Over the course of a week, we made our way north, often by hitch-hiking. I photographed dead bodies by the side of the road, a grinning toddler propped against a building, both of his legs missing above the knee, tuberculosis patients in a Quaker-run hospital lying two to a bed. Looking through my viewfinder, I focused on nothing except framing the best shot, capturing the telling moment. Only later, before sleep, would I revisit the scenes and truly see my subjects. Then the dismay, disgust, and sadness would wash over me. Alone in the dark I would finally feel the horror of those two young bodies (the first dead bodies I’d ever seen), riddled with bullets and still stiff with rigor mortis, and shock at the ARVN soldiers who stood guard over them, two other young men who could have been their doubles, passive and stone-faced in their sunglasses.
On the way north we spent two days in the central highlands with a Marine company led by a fanatical lieutenant. When we arrived a group was just returning from patrol. They’d had a skirmish, killed a North Vietnamese Army soldier and returned with two prisoners. They posed, grinning, with their booty–a Soviet flag with hammer and sickle and a large pencil portrait of Ho Chi Minh. At the evening meal the lieutenant, whose eyes shone with a disturbing zeal as he bragged about his platoon’s kills, suggested that Joe come on reconnaissance patrol the next day to see how it was done. That night we lay with our cots pushed together in the small tent they given us, whispering.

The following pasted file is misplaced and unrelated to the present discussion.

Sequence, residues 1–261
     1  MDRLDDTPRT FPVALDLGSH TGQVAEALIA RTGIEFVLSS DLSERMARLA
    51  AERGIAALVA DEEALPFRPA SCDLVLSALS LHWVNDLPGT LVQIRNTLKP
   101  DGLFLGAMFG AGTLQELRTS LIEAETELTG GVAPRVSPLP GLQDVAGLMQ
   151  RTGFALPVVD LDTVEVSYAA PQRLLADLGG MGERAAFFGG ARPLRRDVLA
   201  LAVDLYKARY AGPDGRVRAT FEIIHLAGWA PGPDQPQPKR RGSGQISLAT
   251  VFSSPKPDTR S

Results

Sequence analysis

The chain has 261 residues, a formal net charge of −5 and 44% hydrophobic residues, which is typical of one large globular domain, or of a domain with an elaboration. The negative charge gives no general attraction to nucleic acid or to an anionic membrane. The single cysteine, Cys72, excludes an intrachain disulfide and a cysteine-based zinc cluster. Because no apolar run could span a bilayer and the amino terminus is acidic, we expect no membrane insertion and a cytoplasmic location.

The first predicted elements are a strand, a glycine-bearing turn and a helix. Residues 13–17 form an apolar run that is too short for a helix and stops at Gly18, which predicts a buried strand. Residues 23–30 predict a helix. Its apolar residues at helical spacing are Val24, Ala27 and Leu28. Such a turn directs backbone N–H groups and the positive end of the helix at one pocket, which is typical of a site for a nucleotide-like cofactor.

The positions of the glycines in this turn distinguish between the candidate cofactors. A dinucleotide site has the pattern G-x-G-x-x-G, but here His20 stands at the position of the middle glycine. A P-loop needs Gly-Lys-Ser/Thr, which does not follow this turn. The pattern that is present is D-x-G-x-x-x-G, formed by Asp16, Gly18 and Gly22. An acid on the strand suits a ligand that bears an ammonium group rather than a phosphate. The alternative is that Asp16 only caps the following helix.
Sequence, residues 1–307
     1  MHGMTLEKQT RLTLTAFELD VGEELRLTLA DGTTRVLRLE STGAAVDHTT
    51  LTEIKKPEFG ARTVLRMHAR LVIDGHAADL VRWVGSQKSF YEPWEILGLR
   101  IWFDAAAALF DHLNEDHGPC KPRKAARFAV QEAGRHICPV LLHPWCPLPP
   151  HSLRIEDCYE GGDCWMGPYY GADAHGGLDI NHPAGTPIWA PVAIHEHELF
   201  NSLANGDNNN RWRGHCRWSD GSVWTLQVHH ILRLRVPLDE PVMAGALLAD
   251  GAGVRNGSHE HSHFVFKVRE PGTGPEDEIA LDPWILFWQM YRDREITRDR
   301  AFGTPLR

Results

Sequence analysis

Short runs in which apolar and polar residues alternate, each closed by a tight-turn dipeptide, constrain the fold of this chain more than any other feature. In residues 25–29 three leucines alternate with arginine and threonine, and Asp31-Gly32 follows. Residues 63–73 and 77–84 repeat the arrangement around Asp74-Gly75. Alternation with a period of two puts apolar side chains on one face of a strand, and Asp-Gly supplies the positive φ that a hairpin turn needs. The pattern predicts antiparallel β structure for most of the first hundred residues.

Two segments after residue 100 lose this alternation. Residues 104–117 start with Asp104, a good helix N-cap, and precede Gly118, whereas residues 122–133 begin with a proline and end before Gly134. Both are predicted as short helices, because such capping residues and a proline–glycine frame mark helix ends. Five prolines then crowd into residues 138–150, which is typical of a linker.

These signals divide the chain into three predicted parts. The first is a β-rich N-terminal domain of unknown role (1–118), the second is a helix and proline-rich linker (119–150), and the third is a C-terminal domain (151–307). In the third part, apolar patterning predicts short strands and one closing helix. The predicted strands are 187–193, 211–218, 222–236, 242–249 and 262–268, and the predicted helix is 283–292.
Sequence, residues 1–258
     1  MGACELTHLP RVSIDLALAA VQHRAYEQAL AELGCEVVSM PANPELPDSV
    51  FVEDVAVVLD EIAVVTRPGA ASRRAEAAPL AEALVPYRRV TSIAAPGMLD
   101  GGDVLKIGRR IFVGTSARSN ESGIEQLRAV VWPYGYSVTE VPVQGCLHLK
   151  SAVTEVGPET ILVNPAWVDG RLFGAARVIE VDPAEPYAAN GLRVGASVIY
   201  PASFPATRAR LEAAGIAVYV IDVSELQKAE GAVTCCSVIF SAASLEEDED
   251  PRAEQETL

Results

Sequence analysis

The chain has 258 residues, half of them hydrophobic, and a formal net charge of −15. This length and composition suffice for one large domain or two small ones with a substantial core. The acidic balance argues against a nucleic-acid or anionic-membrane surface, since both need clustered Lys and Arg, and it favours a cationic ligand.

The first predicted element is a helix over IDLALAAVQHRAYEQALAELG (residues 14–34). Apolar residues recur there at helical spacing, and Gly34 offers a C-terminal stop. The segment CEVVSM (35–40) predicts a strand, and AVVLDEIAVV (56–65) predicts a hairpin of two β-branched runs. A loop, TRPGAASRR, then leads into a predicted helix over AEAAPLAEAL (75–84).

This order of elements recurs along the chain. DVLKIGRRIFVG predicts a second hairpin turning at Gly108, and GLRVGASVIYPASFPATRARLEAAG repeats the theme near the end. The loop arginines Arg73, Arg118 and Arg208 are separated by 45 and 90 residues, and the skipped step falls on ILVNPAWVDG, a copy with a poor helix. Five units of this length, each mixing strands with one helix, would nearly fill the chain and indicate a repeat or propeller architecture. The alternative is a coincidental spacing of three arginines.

“God, I don’t want to do this,” Joe said. I was trying to massage the knots out of his sweaty shoulders as he talked about the time he’d gone on recon during his last trip to Vietnam, of the sniper fire and the relentless fear he’d felt. “And besides, this guy seems actually crazy.”